“Our biggest opponent in the long run is not Russia, it would be Xi [Jinping] and China with their strategy. And they are watching closely,” the senator told Epoch TV’s “China Insider” program at the Conservative Political Action Conference in Orlando, Florida, on Feb. 24.
“They are going to try to have their cake and eat it too,” he said, adding that he believes China will “throw a lifeline to Russians’ economy.”
Beijing has been pushed into an awkward position during the Ukraine crisis, given its deepening ties with Moscow. While it has carefully avoided criticizing Russia for attacking Ukraine and accused the United States of stoking war, it has also maintained that it respects the sovereignty and territorial integrity of all nations.
In the latest sign of its strengthening relationship with Russia, China’s customs bureau on Thursday said it will begin accepting wheat imports from all regions of Russia, one of the world’s biggest wheat producers, a move that could soften the impact of Western sanctions.
Fears for Taiwan
Russia’s aggression toward Ukraine has fueled questions about the fate of Taiwan, China’s self-ruling island neighbor that the regime has long vowed to take over one day—by force if necessary.
On Thursday, Taiwan was forced to scramble jets in response to an incursion of nine Chinese aircraft into the island’s air defense zone. Such aircraft incursions have been a regular occurrence over the past two years as Beijing steps up its military harassment of the island in a bid to intimidate and wear down Taiwan’s defense.
With Washington and allies slapping more punitive measures on Russia, Braun said the Chinese regime will be looking to see whether the sanctions have tangible consequences, to inform their strategy regarding Taiwan.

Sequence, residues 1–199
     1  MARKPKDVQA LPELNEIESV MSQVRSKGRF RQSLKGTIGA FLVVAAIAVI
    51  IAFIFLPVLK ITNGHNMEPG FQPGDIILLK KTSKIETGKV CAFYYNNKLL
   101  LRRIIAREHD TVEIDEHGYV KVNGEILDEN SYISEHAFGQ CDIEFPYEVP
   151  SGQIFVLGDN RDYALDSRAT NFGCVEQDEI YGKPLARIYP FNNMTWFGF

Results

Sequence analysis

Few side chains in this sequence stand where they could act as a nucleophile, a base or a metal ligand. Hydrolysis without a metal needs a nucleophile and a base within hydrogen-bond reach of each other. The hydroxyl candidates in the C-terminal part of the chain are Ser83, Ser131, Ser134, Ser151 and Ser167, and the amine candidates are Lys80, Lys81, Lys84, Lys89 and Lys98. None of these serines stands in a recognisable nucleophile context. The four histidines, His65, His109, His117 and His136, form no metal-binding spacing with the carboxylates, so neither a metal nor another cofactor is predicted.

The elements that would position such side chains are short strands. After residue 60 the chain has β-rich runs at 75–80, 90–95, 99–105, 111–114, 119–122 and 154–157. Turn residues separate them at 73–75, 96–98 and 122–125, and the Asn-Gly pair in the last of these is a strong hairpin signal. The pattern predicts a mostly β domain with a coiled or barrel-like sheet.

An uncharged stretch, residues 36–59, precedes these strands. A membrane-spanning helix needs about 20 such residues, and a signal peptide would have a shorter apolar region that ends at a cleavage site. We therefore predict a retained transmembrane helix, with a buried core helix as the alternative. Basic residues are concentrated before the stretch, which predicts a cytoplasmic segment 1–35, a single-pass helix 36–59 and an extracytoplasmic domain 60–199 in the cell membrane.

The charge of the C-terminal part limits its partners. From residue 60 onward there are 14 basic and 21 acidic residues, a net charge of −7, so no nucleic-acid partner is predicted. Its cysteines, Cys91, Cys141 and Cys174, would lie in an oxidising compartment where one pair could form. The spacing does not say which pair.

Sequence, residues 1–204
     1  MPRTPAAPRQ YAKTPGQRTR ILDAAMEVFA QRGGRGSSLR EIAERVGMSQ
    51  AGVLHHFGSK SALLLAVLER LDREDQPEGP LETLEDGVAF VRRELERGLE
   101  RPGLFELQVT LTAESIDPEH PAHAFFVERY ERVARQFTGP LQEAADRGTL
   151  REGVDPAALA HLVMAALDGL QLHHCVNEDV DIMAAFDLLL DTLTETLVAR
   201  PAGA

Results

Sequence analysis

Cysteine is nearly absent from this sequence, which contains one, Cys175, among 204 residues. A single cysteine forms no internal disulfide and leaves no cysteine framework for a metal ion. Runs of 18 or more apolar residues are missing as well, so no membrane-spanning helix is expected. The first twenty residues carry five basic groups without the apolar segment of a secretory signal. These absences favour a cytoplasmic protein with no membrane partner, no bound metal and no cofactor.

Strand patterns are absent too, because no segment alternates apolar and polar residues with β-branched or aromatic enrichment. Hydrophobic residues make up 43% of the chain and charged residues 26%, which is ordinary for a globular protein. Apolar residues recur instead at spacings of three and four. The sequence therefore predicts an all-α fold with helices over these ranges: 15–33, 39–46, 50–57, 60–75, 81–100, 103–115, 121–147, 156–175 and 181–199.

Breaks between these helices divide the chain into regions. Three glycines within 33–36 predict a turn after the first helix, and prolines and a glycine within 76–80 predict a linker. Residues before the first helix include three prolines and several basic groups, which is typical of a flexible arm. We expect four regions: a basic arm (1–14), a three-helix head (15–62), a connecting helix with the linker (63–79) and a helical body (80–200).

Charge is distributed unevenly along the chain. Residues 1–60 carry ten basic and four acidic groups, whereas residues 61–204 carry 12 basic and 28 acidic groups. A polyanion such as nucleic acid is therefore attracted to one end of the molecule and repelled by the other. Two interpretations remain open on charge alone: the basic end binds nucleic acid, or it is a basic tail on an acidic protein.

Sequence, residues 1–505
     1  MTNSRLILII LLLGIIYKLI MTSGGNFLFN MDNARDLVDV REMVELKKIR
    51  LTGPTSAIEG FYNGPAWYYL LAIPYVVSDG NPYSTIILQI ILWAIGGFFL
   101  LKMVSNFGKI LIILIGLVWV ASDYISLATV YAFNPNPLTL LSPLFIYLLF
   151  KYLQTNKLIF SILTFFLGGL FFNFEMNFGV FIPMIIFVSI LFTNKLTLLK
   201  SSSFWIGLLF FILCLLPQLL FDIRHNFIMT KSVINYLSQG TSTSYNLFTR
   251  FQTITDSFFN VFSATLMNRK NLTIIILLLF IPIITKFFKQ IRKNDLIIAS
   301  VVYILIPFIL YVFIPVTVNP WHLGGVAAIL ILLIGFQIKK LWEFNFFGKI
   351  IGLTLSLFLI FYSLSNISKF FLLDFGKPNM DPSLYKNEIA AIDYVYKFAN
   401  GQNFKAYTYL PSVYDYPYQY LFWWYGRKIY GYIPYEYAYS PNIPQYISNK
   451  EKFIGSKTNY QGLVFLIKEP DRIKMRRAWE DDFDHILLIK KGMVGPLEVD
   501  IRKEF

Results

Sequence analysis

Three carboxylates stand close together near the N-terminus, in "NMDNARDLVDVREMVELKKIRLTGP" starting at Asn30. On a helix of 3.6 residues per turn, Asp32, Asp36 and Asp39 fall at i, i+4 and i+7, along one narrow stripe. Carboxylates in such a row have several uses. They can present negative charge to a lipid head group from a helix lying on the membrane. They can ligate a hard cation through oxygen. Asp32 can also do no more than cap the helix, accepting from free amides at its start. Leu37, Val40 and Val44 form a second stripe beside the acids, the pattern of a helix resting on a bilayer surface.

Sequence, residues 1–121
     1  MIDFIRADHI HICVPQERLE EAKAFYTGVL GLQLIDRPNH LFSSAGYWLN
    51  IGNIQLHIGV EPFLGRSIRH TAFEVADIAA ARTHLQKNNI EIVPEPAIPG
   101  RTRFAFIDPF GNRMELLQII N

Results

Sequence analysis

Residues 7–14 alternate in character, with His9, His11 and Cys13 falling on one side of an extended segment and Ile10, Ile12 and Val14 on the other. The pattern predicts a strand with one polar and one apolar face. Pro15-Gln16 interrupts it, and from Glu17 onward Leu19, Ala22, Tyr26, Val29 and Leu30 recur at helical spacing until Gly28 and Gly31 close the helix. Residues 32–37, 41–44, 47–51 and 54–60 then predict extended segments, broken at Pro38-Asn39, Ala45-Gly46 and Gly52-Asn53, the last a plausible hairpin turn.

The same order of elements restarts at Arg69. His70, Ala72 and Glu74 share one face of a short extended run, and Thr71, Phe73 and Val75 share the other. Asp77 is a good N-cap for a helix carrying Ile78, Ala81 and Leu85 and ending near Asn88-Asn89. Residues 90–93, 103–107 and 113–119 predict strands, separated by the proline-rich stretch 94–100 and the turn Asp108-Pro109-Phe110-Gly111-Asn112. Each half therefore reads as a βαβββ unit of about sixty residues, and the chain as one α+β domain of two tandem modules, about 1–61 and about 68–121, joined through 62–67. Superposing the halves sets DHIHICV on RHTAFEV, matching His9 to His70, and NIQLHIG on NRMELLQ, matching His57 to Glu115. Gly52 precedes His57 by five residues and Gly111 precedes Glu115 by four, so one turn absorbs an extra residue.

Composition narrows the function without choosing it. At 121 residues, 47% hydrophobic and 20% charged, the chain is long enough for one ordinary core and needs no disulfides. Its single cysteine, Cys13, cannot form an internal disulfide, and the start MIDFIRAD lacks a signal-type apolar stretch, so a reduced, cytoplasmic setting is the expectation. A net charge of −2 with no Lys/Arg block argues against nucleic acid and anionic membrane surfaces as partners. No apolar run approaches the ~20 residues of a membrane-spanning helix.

“They are going to see if we practice what we preach, if we are going to put some teeth in the real sanctions,” he said. “And they’ll take a cue from that when they start to push the envelope, if they are really considering doing something vis-à-vis Taiwan.”
But the regime will be unlikely to make a military move soon against Taiwan, which, he said, “would put them in the same kind of thug category as Russia is now in.”
“I think they are probably too smart for that,” said the senator.
The regime, meanwhile, has rejected any comparisons between Ukraine and Taiwan. Hua Chunying, the spokesperson for China’s foreign ministry, said on Wednesday that “Taiwan for sure is not Ukraine.”
“It is unwise of certain people of the Taiwan authorities to latch on to and exploit the Ukraine issue to their benefit,” she said, warning that “‘Taiwan independence’ only leads to a dead end.”
While there’s still a question of what method China will use to bring Taiwan under its fold, Braun warned that failing to check Russian aggression could accelerate Beijing’s plans.
“They to me look like they want to shortcut the process, and would be very likely to be emboldened by what they see Putin being able to do, especially if we don’t make Putin pay the price,” he said.
Biden, announcing new coordinated sanctions on Russia on Feb. 24, took a veiled swipe at China.
“Putin will be a pariah on the international stage. Any nation that countenances Russia’s naked aggression against Ukraine will be stained by association,” he told reporters without naming any country.